The Ars Electronica Center sees itselfas an educational facility. The most important aspect of its mission is toraise consciousness of the digital transformation that is making an impact onall areas of our life: education, career, the economy and, above all,communications. Gerfried Stocker has succeeded in imparting a fresh new impetusto the Festival and to making the facility an international hub for mediaartists from all over the world. Ars Electronica’s annual themes look to thefuture: 1999 LifeScience, 2000 Next Sex, 2001 Takeover—Who’s Doing the Art ofTomorrow, 2002 Unplugged—Art as the Scene of Global Conflicts, 2003 Code— TheLanguage of Our Time, 2004 TimeShift, 2006 Simplicity, 2007 Goodbye Privacy, 2008A New Cultural Economy and, now, 2009 Human Nature.
The Futurelab has become a veryinnovative, high-profile and extremely successful R&D facility that notonly develops infrastructure for the Museum of the Future itself, but alsoworks on projects worldwide (USA, China, Japan, Berlin, Madrid, Lisbon, etc.)either as sole proprietor or together with partners. One of the Futurlab’s chiefareas of emphasis is music visualization; in this area, important commissions havecome from the Brucknerhaus, Germany’s WDR and the eArts Festival in Shanghai,to name just a few. Gerfried Stocker has continually expanded Ars
Electronica’s regional, national and,above all, international network. Numerous cultural institutions in Linzcollaborate with Ars Electronica—the Brucknerhaus, the Lentos Art Museum, theOK Center for Contemporary Art, the Linz Art University, the ORF, Architekturforum,Stadtwerkstadt, Times Up et al.
The Ars Electronica Center also played akey role in the preparations for Linz’s stint as European Capital of Culture.For the AEC itself, 2009 has also represented a giant step forward: thearchitectural expansion of the Ars Electronica Center. Treusch Architecturecreated the design that dovetailed nicely with the pre-existing structure. OnJanuary 2, 2009 the new Museum of the Future made its debut. The 4,000 squaremeters of new space brought the facility’s total to 6,500. The entire ensembleis enwrapped in a glass shell—a 5,100 m2 LED façade.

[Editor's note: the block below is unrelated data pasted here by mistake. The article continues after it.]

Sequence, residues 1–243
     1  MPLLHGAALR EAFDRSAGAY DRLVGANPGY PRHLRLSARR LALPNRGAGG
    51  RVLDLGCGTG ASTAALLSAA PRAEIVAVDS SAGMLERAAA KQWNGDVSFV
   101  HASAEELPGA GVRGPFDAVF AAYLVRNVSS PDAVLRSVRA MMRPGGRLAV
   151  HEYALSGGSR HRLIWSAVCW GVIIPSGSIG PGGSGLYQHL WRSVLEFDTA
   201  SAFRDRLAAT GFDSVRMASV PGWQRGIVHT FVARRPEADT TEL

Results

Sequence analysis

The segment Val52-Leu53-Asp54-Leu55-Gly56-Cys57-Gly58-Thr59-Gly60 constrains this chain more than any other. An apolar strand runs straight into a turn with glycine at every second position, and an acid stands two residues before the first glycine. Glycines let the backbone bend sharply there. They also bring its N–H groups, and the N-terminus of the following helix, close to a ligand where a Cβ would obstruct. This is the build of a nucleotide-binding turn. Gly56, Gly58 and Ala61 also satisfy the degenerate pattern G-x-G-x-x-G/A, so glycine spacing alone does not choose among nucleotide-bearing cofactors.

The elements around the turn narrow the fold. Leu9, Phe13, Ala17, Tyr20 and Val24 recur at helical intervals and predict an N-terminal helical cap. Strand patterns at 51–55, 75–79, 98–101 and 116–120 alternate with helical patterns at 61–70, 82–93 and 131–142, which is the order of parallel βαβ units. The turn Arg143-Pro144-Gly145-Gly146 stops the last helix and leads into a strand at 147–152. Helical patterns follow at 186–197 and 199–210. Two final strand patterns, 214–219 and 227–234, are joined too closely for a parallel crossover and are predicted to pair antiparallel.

The AEC also got a reorientation withrespect to its content. “New Views of Humankind” goes boldly forward on a paththat brings artists and scientists even closer together. The BrainLab focusesprimarily on the neuro-anatomy of the eye; BioLab provides visitors withglimpses into the human body and lets them experiment with DNA; the FabLabpresents possibilities for the handicrafts of the future—a design is created ona computer screen, and a 3D laser printer transforms the data into a realobject; and, finally, the RoboLab offers insights into the world of robotics.As an enterprise, Ars Electronica had a staff of 190 in July 2009—onethird full-timeemployees; two-thirds part-time.
As its major contribution to the 2009European Capital of Culture year, the AEC is collaborating with voestalpine toproduce “80+1,” a virtual round-the-world journey to shed light on the mostpressing issues now facing humankind.
The festival that premiered in 1979 with a budget ofonly 120,000 euros has developed over the course of 30 years into aglobe-spanning network of artists, scientists, and technicians representing allfields having to do with digital media. Over this time span, Ars Electronicahas achieved sustainable synergy as the Ars Electronica Cluster whosecomponents include the Festival, the Prix Ars Electronica, the Ars ElectronicaCenter, the Futurelab, the Ludwig Boltzmann Institute Media.Art.Research aswell as cultural and scholarly institutions in Linz, Austria and abroad. Inthis configuration, Ars Electronica is nicely positioned to face the challengesof the coming decade that will bring a quantum leap in the digitization ofeveryday life, and in the wake of which nothing will ever be the same again.